German journalists explore Taiwan's vibrant democracy ahead of 2024 elections
FNF Global Innovation Hub in Taipei welcomed a group of talented journalists from the Journalist Network as part of their research trip titled "Taiwan's Future – A Visit Before the Elections" in November.
This diverse group consists of 12 young professionals under the age of 40, who represent various media formats including print, radio, and online, while covering a broad spectrum of beats such as cross-strait relations, economics, culture, and renewable energy.
The Journalist Network has conducted the research trip in Taiwan for the third time, always preceding the elections.
During their trip, journalists attended campaign rallies, visited election committees, ministries, and technology facilities to gather material for their in-depth reports on the upcoming Taiwan elections, set to release in early January for the German audience.
Taiwan, a self-ruled island claimed by China, was described by radio reporter Andre Zantow, one of the tour organizers, as a "niche" in German language journalism. In 2015, Zantow's colleague from the Journalist Network organized a trip to Taiwan because the island was underreported.
"Ten years ago, there were numerous reporters covering stories from the United States, France, and China, but only a handful in Taiwan," said Zantow. Thus, the topic is fresh and unique for the German journalism market. Moreover, the tangled history with an increasingly authoritarian China and the geopolitical tensions have piqued the curiosity of journalists.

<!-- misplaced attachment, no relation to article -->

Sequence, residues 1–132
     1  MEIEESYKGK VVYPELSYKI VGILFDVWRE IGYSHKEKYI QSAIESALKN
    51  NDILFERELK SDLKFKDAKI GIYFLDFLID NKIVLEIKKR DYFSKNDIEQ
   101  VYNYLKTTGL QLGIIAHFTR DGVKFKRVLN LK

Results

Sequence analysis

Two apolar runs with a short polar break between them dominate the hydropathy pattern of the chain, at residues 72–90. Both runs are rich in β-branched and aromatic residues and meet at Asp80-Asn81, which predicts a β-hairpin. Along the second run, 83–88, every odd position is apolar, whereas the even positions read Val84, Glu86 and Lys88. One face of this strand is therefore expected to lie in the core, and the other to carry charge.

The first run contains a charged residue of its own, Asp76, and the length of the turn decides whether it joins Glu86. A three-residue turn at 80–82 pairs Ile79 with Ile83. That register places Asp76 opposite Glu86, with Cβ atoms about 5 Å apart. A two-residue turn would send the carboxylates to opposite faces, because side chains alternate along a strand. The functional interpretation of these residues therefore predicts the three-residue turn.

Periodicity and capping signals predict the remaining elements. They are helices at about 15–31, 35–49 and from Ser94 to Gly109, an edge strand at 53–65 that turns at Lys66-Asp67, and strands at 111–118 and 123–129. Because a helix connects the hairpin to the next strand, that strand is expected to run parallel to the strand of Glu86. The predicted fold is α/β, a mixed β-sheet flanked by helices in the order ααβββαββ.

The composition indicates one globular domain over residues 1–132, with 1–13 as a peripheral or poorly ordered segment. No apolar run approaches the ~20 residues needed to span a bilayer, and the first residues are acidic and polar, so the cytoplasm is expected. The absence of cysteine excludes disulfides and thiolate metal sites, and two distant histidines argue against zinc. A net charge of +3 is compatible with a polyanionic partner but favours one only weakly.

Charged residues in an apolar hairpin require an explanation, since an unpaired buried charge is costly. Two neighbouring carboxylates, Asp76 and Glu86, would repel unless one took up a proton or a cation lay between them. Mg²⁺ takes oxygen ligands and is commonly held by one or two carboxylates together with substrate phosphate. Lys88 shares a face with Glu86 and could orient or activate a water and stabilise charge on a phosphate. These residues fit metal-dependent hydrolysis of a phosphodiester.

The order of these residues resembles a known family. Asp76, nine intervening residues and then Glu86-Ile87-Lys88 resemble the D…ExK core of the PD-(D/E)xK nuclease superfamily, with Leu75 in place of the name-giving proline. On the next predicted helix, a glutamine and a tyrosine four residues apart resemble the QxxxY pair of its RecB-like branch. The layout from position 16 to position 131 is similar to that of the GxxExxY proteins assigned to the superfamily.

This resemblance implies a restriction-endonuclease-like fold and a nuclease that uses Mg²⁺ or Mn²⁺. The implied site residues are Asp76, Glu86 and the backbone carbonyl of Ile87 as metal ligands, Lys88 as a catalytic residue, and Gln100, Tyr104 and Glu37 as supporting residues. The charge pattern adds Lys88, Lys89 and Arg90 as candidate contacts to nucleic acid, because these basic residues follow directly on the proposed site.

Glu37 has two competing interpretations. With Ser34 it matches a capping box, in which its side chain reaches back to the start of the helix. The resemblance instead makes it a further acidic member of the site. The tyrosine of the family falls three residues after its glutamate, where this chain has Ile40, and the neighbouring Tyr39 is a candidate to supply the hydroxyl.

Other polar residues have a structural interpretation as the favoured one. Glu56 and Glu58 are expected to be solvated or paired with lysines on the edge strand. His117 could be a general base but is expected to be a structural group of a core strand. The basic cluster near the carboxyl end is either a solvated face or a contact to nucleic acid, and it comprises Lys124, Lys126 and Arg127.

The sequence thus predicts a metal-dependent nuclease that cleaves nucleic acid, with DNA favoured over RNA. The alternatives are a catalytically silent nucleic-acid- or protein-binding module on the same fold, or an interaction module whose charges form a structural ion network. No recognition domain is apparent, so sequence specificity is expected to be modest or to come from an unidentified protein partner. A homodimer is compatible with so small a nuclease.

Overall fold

The vibrant civil society in Taiwan also caught the journalists' attention. Zantow highlighted Taiwan's democracy and progressive policies, such as LGBTQ rights and phasing out nuclear power, as unique in the region and a focal point of their journey.
Taiwan Elections and the Impacts on the Semiconductor Supply Chain
Taiwan Semiconductor Manufacturing Co. (TSMC)'s plans for a semiconductor fab in Dresden also piqued the interest of tech-savvy and economically oriented media.
Luisa Zenker, an economic beat reporter from Sächsische Zeitung, observed that Taiwan's elections have sparked interest among German media outlets due to the potential influence on the semiconductor supply chain and industry, linked to the ruling party's relationship with China.
How Journalists View the Elections
During their visit at FNF Global Innovation Hub, members from the Journalist Network research group raised questions regarding the 2024 elections. Some journalists pointed out that the political landscape of Taiwan is no longer dominated solely by the two major parties.
Media professionals are also keenly interested in the voting behavior of different age groups and what motivates supporters. They seek to understand whether the election outcomes can be explained as a move toward reconciliation or estrangement from China.
While Taiwan's elections were often considered by foreign media and observers as referendums on cross-strait relations, domestic policies such as soaring housing prices and low wages are now shaping voters' decisions.
Some journalists have also observed that media coverage during elections frequently delves into trivial and ambiguous topics, such as candidates' personalities. "The focus of the upcoming elections is not as clear to me as in previous ones," said Zantow, who had visited Taiwan for both the 2016 and 2020 Taiwan presidential elections. He pointed out that in 2016, the Sunflower Movement dominated public discourse in Taiwan, whereas during the 2020 elections, attention shifted to the Umbrella Revolution in Hong Kong.
The journalists concluded their trip in early December, interviewing party representatives and experts in economics, foreign affairs, technology, energy, and culture. Their story will cover the country's prospects and progress, as well as explore the connections to the upcoming election results.